CHATHAM CO., GA (WTOC) - The future of policing in Savannah and unincorporated Chatham County hinge on cooperation between two elected bodies.
Just weeks ago, the Chatham County Commission and Savannah City Council got feedback from a consulting agency with hundreds of pages of recommendations for the Savannah-Chatham County Metro Police Department.
Chatham County Manager Lee Smith says this very detailed, very complicated topic boils down to how willing both boards are when it comes to tackling crime and offering support to the officers spearheading that effort.
"I know my board believes that, and I know City Council believes that. But when you get into the weeds of the study, those kinds of things get overshadowed. And I think we have to keep reminding ourselves what are we trying to accomplish," said Smith.
The county manager pointed out again as he did when the study was first revealed, that he believes it will be hard for elected officials not to get caught up in the details of the study when trying to determine the level of service they want for the unincorporated county.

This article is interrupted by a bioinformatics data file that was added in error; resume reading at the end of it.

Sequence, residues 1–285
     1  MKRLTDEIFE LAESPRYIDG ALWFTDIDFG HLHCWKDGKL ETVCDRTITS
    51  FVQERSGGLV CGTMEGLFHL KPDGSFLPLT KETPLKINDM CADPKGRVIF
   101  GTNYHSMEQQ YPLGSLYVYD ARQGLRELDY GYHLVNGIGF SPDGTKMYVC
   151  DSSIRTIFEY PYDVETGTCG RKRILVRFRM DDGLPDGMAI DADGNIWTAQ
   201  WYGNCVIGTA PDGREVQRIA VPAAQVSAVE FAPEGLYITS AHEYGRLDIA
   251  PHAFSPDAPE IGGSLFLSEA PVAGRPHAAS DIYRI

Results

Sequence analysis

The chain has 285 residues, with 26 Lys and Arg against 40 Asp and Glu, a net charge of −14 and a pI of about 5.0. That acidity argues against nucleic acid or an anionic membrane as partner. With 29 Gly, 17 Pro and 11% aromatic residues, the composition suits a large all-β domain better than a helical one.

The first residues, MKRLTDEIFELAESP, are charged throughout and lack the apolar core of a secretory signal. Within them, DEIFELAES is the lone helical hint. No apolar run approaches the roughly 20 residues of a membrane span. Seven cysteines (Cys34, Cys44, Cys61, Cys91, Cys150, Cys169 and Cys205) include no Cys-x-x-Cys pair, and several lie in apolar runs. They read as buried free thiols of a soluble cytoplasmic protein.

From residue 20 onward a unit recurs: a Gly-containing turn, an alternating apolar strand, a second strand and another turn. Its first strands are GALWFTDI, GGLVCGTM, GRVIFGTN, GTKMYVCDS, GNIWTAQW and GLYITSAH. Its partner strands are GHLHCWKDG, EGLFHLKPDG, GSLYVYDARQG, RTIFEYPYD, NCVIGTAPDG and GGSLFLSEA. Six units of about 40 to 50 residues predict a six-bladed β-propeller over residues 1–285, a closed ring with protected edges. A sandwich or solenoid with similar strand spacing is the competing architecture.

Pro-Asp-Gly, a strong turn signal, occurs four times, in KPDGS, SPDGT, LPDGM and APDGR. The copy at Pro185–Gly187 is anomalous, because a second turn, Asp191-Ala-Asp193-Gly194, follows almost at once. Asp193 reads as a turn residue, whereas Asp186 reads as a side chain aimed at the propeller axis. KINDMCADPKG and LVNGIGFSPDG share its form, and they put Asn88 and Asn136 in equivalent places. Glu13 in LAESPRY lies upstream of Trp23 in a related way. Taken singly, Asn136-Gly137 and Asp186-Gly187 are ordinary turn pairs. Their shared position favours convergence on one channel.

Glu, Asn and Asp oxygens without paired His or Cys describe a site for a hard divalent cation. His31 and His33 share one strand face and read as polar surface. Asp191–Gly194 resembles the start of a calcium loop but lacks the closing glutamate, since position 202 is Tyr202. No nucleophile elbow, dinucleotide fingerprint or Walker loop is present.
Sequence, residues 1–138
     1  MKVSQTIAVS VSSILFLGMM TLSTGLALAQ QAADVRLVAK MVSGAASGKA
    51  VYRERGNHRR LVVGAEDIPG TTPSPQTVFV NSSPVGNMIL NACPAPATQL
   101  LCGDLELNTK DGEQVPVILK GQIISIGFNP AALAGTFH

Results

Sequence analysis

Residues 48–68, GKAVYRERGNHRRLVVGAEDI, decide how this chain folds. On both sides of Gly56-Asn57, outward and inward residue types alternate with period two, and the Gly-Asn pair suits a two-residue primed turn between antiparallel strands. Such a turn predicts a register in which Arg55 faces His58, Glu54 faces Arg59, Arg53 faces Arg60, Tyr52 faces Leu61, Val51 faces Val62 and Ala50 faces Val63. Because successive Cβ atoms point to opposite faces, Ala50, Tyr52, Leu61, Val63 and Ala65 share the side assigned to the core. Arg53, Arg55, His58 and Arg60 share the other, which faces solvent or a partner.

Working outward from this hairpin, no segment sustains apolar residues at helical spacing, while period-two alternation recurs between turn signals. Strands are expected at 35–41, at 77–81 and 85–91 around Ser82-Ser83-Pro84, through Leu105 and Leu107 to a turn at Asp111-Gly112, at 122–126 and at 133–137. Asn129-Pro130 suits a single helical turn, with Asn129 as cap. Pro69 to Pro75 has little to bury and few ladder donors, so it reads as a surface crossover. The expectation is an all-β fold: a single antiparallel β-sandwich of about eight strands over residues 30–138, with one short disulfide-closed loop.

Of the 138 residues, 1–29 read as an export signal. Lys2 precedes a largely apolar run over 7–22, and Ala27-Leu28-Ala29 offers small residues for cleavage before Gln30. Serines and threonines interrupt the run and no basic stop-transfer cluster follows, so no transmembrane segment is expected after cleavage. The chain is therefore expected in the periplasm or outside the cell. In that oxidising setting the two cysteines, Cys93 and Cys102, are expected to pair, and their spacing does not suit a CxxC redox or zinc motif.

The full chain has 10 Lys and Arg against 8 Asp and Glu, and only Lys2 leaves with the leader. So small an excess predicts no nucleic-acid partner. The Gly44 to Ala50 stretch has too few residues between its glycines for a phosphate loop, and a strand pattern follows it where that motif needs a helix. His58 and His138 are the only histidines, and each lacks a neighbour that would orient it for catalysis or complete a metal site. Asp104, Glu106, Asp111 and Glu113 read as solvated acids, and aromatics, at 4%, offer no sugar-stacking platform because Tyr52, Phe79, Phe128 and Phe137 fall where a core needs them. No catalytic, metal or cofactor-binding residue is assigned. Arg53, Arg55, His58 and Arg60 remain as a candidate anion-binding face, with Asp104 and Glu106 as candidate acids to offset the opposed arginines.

"For the county commissioners, I think their biggest struggle will be if we want more than we're receiving right now, because we generally know what our costs are right now. If we want more, how much more," said Smith.
Smith says officers meant to patrol the county get pulled into the city to cover violent crime more often than city patrols into the county, adding he would like to see more detailed information about how often that happens.
"Right now, we've got some baseline data, and that's where I think we've got to tweak that formula. Because if we've got people still pulled in, then you're not getting that percentage of service," said Smith.
Following the latest police policy meeting, Savannah City Manager Rob Hernandez said Savannah's taxpayers can no longer subsidize 911 services county-wide. Smith says the alternative might not be too popular with taxpayers.
"You have an option of making it M&O, that means you bill everyone in this county, from Tybee to Pooler to Port Wentworth. Everybody pays," said Smith.
Smith says equalizing 911 fees for service would be easier, but a tough sell because of the perception of a raised millage rate.
More discussion and decision making is ahead. The City of Savannah and Chatham County are not obligated to use all the recommendations of the Berkshire study.